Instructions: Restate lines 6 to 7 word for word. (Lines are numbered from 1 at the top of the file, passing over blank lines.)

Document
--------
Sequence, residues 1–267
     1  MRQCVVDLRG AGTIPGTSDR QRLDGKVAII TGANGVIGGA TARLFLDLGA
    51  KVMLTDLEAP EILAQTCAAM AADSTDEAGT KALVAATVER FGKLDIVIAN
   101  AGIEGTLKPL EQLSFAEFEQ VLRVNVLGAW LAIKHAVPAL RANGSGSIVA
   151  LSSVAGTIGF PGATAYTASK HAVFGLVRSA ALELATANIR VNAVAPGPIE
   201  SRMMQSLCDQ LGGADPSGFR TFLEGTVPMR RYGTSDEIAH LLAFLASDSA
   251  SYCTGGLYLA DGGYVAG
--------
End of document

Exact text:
   201  SRMMQSLCDQ LGGADPSGFR TFLEGTVPMR RYGTSDEIAH LLAFLASDSA
   251  SYCTGGLYLA DGGYVAG